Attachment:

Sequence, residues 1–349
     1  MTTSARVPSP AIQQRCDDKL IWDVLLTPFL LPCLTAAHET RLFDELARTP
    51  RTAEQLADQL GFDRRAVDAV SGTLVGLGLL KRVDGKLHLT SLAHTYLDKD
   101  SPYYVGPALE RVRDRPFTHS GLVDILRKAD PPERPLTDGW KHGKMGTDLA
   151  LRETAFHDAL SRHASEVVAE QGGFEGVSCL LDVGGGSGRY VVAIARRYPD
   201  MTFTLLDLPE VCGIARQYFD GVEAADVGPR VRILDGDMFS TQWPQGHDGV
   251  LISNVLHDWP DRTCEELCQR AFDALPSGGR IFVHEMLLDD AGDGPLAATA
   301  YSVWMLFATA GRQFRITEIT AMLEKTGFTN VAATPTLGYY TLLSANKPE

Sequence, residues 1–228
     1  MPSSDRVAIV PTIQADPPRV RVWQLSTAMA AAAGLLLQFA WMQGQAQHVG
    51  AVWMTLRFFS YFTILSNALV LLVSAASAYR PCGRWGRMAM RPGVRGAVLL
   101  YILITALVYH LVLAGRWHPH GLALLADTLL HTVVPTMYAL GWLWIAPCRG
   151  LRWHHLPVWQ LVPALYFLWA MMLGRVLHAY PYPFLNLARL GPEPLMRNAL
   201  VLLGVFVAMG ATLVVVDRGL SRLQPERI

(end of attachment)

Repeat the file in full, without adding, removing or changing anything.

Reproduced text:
Sequence, residues 1–349
     1  MTTSARVPSP AIQQRCDDKL IWDVLLTPFL LPCLTAAHET RLFDELARTP
    51  RTAEQLADQL GFDRRAVDAV SGTLVGLGLL KRVDGKLHLT SLAHTYLDKD
   101  SPYYVGPALE RVRDRPFTHS GLVDILRKAD PPERPLTDGW KHGKMGTDLA
   151  LRETAFHDAL SRHASEVVAE QGGFEGVSCL LDVGGGSGRY VVAIARRYPD
   201  MTFTLLDLPE VCGIARQYFD GVEAADVGPR VRILDGDMFS TQWPQGHDGV
   251  LISNVLHDWP DRTCEELCQR AFDALPSGGR IFVHEMLLDD AGDGPLAATA
   301  YSVWMLFATA GRQFRITEIT AMLEKTGFTN VAATPTLGYY TLLSANKPE

Sequence, residues 1–228
     1  MPSSDRVAIV PTIQADPPRV RVWQLSTAMA AAAGLLLQFA WMQGQAQHVG
    51  AVWMTLRFFS YFTILSNALV LLVSAASAYR PCGRWGRMAM RPGVRGAVLL
   101  YILITALVYH LVLAGRWHPH GLALLADTLL HTVVPTMYAL GWLWIAPCRG
   151  LRWHHLPVWQ LVPALYFLWA MMLGRVLHAY PYPFLNLARL GPEPLMRNAL
   201  VLLGVFVAMG ATLVVVDRGL SRLQPERI